The problem of the Philippines is that it is involved in a dispute with a close neighbor, not some country as far away as Russia. And the problem is blown up by the fact that the Philippines’ independent and non-aligned posture has not been backed by deterrent military capabilities. Being non-aligned does not mean being a naïve pacifist. Our defense strategists in the past might have made a mistake with far-reaching effect in assuming the country faced no external threats, only internal ones. The strategic geographical location and possession of rich strategic mineral and energy resources make the country ip so facto vulnerable to the ambitions of expansionist powers. While less strategically located and less endowed with natural resources, our neighbors have through the years developed superior military defenses. Farther afield, leading countries in the non-aligned movement, India and Pakistan, to strengthen their defenses against threats on each other, prepared themselves to eat grass to be able to belong to the world’s exclusive Nuclear Bomb Club.
And we do seem to be complacent about China knowing the Chinese to be docile, quiet creatures singularly intent on making a living and a success of it. Love of Peking duck and cheap pirated goods should not excuse complacency about China. China itself has a long history of expansionism pursued by rulers taking advantage of the incidental affluence of state coffers. China started as a small state, which by military conquest gobbled up surrounding states. This process has continued from the time of the Emperors to the Nationalists to the current era of the Communists. Chinese nationalism continues to see the country as a Middle Kingdom radiating outward to the limits of its aspiration and possibilities.
China might have indeed invented Asian colonialism and imperialism with its occupation of Vietnam for a millennium and a century before the last millennium. So long ago and for so long! One could perhaps understand better the recent visceral and riotous reaction of the Vietnamese people to Chinese incursions in their claimed waters against the backdrop of their literally millennial struggle fighting Chinese rule. So with the ability proven again in the last century of the Vietnamese to fight wars of attrition.
Others overlook Chinese expansionism considering that China’s pervasive influence in Asia is less due to its military strategists perfecting the art of war than to its considerable accomplishments in the arts and sciences of peace, on the work of its philosophers, mathematicians, scientists, poets, artists and cooks. The Chinese people are almost emblematic of hard work and perseverance. The Chinese mind, too, is not incapable of strokes of genius, the Chinese character of flexibility, compromise and resilience. A clear instance is that of Deng Shaoping’s daring reform of the Chinese economy, which led to the country’s phenomenal growth. Another is China’s reacquiring Hongkong and Macau and governing them on a policy of several systems in one country. China may yet turn out to be a superpower sui generis. One stumbling block on that path might be the tendency of authoritarian rulers and their fawning cabals to listen to the sound of distant drums of conquest and glory.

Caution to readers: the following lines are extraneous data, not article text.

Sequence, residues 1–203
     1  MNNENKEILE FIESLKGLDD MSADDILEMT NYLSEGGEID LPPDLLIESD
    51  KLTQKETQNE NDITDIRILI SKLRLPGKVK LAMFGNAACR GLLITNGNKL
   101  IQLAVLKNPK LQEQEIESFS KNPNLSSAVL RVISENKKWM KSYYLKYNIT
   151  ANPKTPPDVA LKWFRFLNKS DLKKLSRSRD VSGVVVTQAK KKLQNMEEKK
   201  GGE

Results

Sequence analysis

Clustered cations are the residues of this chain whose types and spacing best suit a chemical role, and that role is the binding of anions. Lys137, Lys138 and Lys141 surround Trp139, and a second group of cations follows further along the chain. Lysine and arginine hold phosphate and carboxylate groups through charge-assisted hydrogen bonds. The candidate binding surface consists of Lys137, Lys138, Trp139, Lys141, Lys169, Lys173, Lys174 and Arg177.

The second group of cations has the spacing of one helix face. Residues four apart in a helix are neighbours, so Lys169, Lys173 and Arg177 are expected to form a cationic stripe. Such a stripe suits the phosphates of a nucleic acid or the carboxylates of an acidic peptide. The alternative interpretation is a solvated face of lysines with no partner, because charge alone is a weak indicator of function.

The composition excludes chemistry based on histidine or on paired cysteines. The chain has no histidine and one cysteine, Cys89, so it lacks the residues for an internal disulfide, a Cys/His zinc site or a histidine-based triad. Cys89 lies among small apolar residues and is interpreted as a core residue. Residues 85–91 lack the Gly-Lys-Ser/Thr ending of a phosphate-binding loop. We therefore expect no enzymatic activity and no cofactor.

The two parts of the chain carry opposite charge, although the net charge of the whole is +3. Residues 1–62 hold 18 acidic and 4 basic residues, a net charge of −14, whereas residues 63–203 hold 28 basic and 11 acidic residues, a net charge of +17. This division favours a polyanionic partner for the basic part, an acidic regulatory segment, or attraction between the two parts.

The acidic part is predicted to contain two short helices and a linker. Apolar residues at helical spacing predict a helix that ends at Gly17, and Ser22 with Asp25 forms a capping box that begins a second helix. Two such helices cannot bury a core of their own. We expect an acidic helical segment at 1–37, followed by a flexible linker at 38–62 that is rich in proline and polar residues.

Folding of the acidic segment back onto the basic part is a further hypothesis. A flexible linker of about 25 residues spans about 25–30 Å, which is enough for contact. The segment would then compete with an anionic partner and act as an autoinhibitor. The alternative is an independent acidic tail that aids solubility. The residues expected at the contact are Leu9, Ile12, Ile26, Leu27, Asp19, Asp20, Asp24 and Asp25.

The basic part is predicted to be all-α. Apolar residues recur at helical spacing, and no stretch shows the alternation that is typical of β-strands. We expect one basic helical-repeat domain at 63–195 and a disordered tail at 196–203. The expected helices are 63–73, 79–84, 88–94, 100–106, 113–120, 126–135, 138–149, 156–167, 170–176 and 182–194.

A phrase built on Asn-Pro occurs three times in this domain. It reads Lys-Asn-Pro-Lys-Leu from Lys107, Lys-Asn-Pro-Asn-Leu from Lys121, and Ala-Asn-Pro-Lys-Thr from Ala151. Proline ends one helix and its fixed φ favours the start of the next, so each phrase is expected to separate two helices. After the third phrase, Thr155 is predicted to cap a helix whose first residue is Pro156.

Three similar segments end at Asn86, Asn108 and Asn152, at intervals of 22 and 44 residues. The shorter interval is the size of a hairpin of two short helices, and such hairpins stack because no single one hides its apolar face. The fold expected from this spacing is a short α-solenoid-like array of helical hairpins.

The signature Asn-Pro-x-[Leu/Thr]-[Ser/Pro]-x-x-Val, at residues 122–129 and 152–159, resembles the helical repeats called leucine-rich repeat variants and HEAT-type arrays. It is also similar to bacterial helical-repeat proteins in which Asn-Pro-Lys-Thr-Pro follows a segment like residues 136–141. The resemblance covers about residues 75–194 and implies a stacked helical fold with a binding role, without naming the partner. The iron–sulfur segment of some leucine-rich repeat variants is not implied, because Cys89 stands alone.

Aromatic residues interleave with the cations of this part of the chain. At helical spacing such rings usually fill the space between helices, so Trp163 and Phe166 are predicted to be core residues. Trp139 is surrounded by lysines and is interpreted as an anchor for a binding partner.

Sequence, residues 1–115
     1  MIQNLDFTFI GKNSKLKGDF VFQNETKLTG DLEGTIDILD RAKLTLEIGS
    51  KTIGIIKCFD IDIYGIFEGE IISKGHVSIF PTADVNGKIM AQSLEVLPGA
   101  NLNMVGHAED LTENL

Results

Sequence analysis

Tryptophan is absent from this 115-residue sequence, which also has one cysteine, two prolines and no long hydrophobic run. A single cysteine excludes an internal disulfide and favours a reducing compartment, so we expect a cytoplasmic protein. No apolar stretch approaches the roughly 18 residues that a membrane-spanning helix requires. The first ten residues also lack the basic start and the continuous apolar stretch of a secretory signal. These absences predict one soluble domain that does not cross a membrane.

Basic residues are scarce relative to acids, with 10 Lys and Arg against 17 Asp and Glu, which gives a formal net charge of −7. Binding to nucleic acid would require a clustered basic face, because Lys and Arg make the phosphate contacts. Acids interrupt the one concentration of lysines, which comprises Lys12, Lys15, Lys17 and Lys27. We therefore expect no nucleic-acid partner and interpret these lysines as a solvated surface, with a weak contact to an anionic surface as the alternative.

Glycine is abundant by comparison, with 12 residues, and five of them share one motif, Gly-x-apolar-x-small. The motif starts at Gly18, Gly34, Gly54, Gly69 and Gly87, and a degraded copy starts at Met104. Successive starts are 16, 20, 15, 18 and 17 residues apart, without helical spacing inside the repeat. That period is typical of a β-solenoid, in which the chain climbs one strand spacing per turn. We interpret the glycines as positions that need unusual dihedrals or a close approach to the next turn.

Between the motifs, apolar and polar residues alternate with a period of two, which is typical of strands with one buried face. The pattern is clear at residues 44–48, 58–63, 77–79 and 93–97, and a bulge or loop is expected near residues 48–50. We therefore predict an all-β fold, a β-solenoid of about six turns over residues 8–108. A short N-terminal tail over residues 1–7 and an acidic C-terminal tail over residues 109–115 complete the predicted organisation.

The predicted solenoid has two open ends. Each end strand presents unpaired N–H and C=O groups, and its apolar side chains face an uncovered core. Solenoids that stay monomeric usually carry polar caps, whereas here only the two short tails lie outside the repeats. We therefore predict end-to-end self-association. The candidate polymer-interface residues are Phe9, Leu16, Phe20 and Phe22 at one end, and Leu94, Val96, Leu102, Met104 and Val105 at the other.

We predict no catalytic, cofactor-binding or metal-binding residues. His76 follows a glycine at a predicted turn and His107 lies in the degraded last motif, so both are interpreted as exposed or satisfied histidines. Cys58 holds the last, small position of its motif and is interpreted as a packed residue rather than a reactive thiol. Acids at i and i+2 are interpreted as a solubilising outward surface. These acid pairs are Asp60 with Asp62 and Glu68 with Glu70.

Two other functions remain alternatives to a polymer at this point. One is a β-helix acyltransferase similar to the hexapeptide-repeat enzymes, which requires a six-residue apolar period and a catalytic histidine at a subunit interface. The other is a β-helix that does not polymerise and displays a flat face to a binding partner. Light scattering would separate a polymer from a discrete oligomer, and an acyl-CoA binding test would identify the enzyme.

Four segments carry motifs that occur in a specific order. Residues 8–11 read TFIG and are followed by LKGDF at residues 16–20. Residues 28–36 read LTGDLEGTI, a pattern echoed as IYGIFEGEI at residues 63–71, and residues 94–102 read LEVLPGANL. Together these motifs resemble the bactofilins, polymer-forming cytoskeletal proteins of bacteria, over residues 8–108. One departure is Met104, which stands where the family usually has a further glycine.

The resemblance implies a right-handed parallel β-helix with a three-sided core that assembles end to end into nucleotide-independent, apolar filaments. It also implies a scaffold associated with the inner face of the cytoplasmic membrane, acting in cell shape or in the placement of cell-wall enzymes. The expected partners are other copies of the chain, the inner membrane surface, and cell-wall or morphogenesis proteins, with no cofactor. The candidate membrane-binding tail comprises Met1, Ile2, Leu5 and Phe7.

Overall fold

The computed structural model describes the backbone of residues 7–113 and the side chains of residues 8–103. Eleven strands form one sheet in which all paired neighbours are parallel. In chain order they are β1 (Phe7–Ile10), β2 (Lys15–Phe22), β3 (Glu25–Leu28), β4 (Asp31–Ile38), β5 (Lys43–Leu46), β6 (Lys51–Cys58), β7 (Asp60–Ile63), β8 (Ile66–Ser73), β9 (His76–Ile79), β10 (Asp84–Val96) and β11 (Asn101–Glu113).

The Philippines’ chosen approach to resolve its dispute with China peacefully through arbitration is in accord with the tenets of the Non-Aligned Movement, namely mutual respect for each other’s territorial integrity and sovereignty, mutual non-aggression, mutual non-interference in domestic affairs, equality, and mutual benefit and certainly the UN Charter the Movement subscribes to. And, if held in mutual respect, so is China’s preferred bilateral consultations. Couldn’t the parties each calmly state their claim to sovereignty, agree to disagree on that point, and then move on to matters of confidence-building and possible areas of cooperation they can agree on?
It is notable that the formulation of the basic principles of the Non-Aligned Movement is credited to a Chinese, Chou En Lai. The Chinese today can abide by them with pride.
In the state of high tension unilateral actions of China that have brought the South China Sea disputes to, the call of Filipinos abroad to boycott Chinese-made products seems par for the course. It may be a non-violent, non-military means to make the hawks and bullies in Beijing think more reasonably. I know of people in Manila who have already skipped buying Made in China products, a difficult task now when the goods sold at the malls owned by Tsinoys with investments in China curiously seem all to come from China. And a global boycott of Made in China is not impossible. Already, Chinese exports to the West have steeply declined, the bullying image of China may be turning off a lot of customers. The high rates of the unemployed in the West have been blamed on investments creating jobs in China. The rise of China as an economic giant has been at the expense of the traditional exports of developing countries shunted out of markets by Chinese goods made exceedingly competitive by cheap labor. Remember our garments industry?
Now retired, Jaime J. Yambao served as Philippine ambassador to Pakistan and previous to that, Laos.